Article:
Tuesday, February 02, 2021

1889 Institute: Is Education the primary mission of public schools anymore?


Is Education the Primary Mission of Public Schools?
By Tyler Williamson

Did you know the state of Oklahoma is experiencing not one, but two pandemics? Back in July, according to the Oklahoma City School District, the state was experiencing the “dual pandemics of COVID-19 and Systemic Racism.” Instead of preparing teachers for the realities of the fall semester, the district decided to spend valuable time and resources to ensure their teachers learned how to “practice alternative ways of relating to…[their]students.”

To date, the fall semester has been a roller coaster ride with only marginal amounts of student learning. Faced with the reality that if any real learning standards were enforced, many students would be held back a grade, teachers are asked to reduce their grading standards and give participation grades.

But, is education even a primary goal of public schools anymore? Evidence from the Oklahoma City School District says no, but this isn’t just a local phenomenon. A July 23rd feature article in the New York Times by Sarah Darville, the managing editor at Chalkbeat (a non-profit news outlet focused on education), discussed the difficulty of reopening schools. She spent the bulk of the article discussing three things that make the decision difficult: child care, meal programs, and mental health counseling. Where is education?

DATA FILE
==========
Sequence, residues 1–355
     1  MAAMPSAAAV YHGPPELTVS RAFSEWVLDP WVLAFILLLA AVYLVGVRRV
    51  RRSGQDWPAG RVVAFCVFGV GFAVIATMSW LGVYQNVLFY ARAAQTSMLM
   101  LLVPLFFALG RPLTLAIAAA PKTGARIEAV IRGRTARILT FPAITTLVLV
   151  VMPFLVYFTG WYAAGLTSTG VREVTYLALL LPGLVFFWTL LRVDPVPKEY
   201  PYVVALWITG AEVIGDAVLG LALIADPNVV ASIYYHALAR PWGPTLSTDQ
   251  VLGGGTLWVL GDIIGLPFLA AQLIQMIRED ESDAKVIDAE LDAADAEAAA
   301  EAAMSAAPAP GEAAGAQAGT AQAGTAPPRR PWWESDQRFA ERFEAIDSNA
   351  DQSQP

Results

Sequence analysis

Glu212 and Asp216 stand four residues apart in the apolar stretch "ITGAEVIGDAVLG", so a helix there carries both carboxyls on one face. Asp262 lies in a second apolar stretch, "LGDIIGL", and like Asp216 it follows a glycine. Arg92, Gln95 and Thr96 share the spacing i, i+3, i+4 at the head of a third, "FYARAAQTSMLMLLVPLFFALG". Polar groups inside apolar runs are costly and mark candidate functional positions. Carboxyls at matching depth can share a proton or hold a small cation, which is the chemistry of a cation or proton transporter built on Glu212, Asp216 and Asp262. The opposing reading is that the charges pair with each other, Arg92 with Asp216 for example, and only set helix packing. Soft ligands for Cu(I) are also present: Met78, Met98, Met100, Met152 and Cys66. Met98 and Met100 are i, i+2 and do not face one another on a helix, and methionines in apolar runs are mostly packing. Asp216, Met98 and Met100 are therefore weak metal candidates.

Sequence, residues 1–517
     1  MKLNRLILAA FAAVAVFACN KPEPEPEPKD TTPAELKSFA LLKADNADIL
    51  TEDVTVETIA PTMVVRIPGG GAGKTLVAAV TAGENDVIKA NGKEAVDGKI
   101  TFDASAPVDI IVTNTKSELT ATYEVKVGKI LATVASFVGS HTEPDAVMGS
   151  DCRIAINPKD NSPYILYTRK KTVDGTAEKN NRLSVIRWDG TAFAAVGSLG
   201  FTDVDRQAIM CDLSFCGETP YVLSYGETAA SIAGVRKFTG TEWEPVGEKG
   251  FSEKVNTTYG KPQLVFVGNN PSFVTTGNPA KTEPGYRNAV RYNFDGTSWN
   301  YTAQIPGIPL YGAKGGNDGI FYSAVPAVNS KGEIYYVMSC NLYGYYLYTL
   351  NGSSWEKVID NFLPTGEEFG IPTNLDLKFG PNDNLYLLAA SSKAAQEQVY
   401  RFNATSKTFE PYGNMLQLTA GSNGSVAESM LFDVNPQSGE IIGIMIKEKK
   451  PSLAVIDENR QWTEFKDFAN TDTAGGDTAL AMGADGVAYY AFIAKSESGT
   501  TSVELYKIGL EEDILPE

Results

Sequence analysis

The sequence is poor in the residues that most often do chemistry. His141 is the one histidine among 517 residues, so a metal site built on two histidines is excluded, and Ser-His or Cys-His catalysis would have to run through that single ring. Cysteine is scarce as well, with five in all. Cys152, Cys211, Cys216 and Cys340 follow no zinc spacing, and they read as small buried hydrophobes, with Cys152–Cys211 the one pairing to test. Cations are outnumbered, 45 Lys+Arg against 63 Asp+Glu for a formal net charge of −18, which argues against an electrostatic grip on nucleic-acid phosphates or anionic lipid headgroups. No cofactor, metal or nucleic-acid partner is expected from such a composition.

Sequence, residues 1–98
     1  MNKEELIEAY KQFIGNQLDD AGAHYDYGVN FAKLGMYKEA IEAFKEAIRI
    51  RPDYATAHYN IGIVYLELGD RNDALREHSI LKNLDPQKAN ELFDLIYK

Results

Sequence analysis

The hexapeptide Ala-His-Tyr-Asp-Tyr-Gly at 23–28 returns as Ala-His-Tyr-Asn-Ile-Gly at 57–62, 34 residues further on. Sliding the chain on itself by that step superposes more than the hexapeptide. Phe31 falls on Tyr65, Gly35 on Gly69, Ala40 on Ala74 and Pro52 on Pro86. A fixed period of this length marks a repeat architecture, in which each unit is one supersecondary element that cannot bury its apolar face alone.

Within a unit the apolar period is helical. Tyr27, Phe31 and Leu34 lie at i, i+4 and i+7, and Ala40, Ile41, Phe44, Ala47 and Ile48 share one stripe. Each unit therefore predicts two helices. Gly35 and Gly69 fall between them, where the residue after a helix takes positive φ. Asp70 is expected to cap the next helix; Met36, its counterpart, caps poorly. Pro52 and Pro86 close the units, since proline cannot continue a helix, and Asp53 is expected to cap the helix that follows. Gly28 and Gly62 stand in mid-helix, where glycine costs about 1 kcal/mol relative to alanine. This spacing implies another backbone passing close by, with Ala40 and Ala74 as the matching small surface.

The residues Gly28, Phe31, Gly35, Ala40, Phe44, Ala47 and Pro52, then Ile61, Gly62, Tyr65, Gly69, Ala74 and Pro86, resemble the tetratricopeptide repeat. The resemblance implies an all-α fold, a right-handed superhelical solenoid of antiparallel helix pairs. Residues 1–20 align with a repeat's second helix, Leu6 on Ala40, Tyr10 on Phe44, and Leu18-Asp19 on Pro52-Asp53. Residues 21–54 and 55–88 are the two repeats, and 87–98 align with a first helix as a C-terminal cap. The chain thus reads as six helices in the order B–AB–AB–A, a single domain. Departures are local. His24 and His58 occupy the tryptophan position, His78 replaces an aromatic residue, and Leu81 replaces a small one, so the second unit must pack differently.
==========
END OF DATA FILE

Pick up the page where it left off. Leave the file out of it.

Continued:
Darville’s article is meant to show just how essential schools have become, but it unknowingly highlights the issue with public “education” in the United States today: educating children is no longer a primary goal. Other services such as childcare, meals, and mental health counseling have taken its place. These services might need to be provided to some degree in some context, but it’s no surprise that with so many missions on their plate, the ostensible primary mission of schools has been crowded out. Schools simply don’t do education very well.

This quote from the article emphasizes the point: “If taking on the child care, food and the mental health challenges facing American children this fall were not enough, there is also, of course, the matter of making sure those children learn.” This comes three quarters of the way through an extensive article. The fact that the discussion about educating children is tacked onto the back end of the article, almost as an afterthought, shows just what has been prioritized in public education, and it’s not education. Whether you think those programs are good, bad, or you are indifferent to them, the fact remains that they should not overshadow education as the primary goal.

It is clear that schools no longer exist primarily to educate students. Parents who wish to see their children educated and prepared for the future should be pushing for alternatives to the traditional public schools, like charter schools. Quality teachers should do the same and demand the ability to start their own publicly-funded schools.

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